“I don’t know where I was when they were passing out patience. I must’ve been behind the door somewhere, because I don’t have any.” – Leah Chase, Chef and Owner of Dooky Chase
I feel you Leah, I feel you. With Halloween basically here I thought I’d give you a somewhat scary story with a golden nugget of wisdom hidden in the center. Here we go.
When I was younger, I’d say from the ages of 9-14, I baked as often as possible. Cakes, cookies, brownies, cupcakes, muffins, cinnamon rolls even. If it was sweet and went in the oven, I was on top of it. One of my favorite things to make, because we almost always had the ingredients in the house, was pound cake. Pound cake amongst the women of my family is somewhat of a trainer for further culinary exploits. Understanding your own rendition, its strengths, its weaknesses, is part of growing up as a young lady in the kitchen. I was well on my way to having my own defined version of pound cake. It couldn’t compete with my grandmother’s or my great aunt’s (my family often gets into yelling matches over slices of the latter) but it was mine and I loved it.
One Friday afternoon I was endeavoring to make a pound cake while also relaxing and watching tv with my brother (this was during the phase of my life when my parents only let us watch TV on the weekend, and even though I was baking I held fast to my 3:00pm call time in front of the TV). Like most young chefs, mis-en-place and all other preparation eluded me. I preferred to fly by the seat of my pants and make my way through all recipes like that. Thus, of course, I hadn’t pulled the butter out of the fridge the night before in order to let it soften. In fact, it was in the freezer. I did what I had done what felt like a million times before, I got out a tiny pan to melt the butter on the stove (a phase in my life when we did not have a microwave as well). However, this time, instead of using the normal mini cast iron pan I always did, I instead used a thin tin cup, the kind cowboys cook their coffee in in movies. I stood up the butter in the cup, the two sticks reaching far above the top of the cup, set the flame to full force (because EFFICIENCY) and went back to enjoy my tv show.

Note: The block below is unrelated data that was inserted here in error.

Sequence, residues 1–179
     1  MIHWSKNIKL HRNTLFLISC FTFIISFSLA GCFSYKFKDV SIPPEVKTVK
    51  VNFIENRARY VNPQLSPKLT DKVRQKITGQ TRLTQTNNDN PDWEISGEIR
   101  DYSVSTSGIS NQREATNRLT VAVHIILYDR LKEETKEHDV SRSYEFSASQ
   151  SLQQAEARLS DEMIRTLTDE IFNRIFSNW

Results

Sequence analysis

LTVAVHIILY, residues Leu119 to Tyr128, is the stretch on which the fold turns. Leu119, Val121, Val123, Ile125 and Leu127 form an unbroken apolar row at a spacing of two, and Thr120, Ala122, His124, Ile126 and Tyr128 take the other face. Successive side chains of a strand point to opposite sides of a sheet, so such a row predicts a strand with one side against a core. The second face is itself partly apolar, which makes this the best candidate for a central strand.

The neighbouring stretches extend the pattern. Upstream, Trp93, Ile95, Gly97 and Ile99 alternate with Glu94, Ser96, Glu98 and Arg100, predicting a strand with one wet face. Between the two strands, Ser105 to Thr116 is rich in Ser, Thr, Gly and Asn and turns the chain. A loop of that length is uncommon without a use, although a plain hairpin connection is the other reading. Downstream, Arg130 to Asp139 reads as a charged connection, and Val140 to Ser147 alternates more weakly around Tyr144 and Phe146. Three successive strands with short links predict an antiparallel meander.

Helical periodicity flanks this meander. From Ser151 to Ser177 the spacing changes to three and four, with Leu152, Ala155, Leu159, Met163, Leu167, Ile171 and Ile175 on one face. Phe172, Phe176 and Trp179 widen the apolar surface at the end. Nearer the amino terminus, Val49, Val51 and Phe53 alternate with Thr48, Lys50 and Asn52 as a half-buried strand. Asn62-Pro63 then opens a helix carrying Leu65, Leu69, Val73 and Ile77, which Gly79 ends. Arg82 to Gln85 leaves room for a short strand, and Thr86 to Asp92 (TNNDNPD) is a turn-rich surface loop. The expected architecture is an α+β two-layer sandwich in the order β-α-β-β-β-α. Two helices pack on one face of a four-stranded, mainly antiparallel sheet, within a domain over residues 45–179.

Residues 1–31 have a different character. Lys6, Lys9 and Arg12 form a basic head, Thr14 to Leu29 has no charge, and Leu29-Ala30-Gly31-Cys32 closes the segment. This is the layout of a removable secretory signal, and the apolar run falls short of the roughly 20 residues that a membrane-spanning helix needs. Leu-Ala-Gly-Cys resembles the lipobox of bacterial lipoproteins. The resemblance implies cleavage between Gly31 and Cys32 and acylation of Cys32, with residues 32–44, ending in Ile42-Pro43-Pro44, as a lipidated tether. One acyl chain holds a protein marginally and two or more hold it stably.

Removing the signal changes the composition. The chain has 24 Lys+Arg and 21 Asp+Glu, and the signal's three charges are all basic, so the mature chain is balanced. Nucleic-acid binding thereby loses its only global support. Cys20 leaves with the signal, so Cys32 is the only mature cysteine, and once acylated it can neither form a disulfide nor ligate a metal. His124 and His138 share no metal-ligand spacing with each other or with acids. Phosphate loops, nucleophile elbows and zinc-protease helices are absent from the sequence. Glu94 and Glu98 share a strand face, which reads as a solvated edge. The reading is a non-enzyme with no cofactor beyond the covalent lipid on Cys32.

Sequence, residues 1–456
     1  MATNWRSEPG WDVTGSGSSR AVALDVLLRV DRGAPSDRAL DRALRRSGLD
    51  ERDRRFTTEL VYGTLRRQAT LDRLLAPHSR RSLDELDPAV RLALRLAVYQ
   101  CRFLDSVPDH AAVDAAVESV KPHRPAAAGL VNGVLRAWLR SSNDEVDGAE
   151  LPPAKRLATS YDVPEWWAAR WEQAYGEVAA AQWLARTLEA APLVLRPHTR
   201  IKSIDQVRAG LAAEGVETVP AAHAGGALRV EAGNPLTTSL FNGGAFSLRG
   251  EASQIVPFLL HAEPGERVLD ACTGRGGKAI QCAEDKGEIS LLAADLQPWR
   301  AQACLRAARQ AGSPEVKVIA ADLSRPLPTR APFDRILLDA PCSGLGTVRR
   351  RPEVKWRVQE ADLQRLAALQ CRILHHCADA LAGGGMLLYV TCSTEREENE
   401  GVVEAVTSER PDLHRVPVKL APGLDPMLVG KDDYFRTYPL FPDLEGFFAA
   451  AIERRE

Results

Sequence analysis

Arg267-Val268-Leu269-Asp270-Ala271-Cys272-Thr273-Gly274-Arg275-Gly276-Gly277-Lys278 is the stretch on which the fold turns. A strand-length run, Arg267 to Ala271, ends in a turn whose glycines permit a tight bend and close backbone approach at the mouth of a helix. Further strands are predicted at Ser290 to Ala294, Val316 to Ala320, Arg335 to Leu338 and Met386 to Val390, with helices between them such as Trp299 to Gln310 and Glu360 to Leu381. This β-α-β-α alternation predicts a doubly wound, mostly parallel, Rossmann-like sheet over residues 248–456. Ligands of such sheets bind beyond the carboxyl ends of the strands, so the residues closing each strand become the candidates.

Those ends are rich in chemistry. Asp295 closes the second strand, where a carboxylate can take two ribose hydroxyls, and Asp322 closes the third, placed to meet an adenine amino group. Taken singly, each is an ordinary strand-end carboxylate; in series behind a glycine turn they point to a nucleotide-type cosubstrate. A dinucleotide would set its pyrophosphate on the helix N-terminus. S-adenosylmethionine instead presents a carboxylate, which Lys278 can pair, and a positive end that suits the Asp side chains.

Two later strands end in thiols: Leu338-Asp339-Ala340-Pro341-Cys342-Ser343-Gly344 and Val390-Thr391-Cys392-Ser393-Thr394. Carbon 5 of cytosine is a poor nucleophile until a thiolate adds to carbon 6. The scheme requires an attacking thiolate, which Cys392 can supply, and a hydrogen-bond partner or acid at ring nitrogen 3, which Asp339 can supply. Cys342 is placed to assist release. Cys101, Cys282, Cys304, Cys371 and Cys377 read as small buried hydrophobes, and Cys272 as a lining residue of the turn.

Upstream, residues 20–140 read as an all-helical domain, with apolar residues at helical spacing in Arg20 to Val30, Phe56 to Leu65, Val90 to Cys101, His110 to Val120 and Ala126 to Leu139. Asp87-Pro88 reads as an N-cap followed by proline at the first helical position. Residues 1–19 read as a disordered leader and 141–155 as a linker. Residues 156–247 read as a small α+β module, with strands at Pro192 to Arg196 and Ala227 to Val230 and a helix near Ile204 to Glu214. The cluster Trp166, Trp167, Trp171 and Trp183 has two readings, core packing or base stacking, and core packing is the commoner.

I came back a couple minutes later to what can be called a truly beautiful grease fire. The tin cup was holding 2 foot flames that reached the hood of the stove in vibrant blues, yellows, and oranges. For a moment I stood and thought “hm. Well this is quite a predicament you’ve gotten yourself into”, then I leapt to action. I was able to turn off the flame on the stove, grab a potholder, grab the tin cup, carry the flames over to the sink and dump water all over the situation. Luckily this was a small grease fire so the water succeeded in smothering the flame but it should be noted: DO NOT ATTEMPT TO PUT OUT GREASE FIRES WITH WATER, SMOTHER THEM OR DUMP BAKING SODA ON THEM. I was but a child and did not know the rules of grease fires and thankfully got lucky. I let the tin cup cool, washed it out, melted some more butter (without leaving the kitchen), and returned to the living room shaken up, but more wise. The funniest thing about this story is that no one knew. I didn’t scream when I got to the kitchen so my brother in the living room had no idea and my parents weren’t there. To be honest, I think reading this post will be the first anyone in my family hears of it. Surpriiiiiise.
But now for the nugget of wisdom: patience and preparation matters in cooking. People who remember to pull out their butter and eggs the day before so they can come to room temp, make better cakes. Those who measure out all of their ingredients and read the recipe over a few times before diving in, make better food upon the first attempt. I am impatient person learning patience and the kitchen is a great teacher. Things of great beauty, often take time. So yes, you could feasibly cook a chicken in half the time if you roasted it at 500 degrees, but it would be dry and sad. So while I agree with Leah, I know she is patient where it matters: with food and not people. And while I will never blame you for throwing together a meal; the thrill can be addicting, I will always think you are so cool if you prepare first.
And if you don’t throw water on grease fires.
Now eat happily and be good.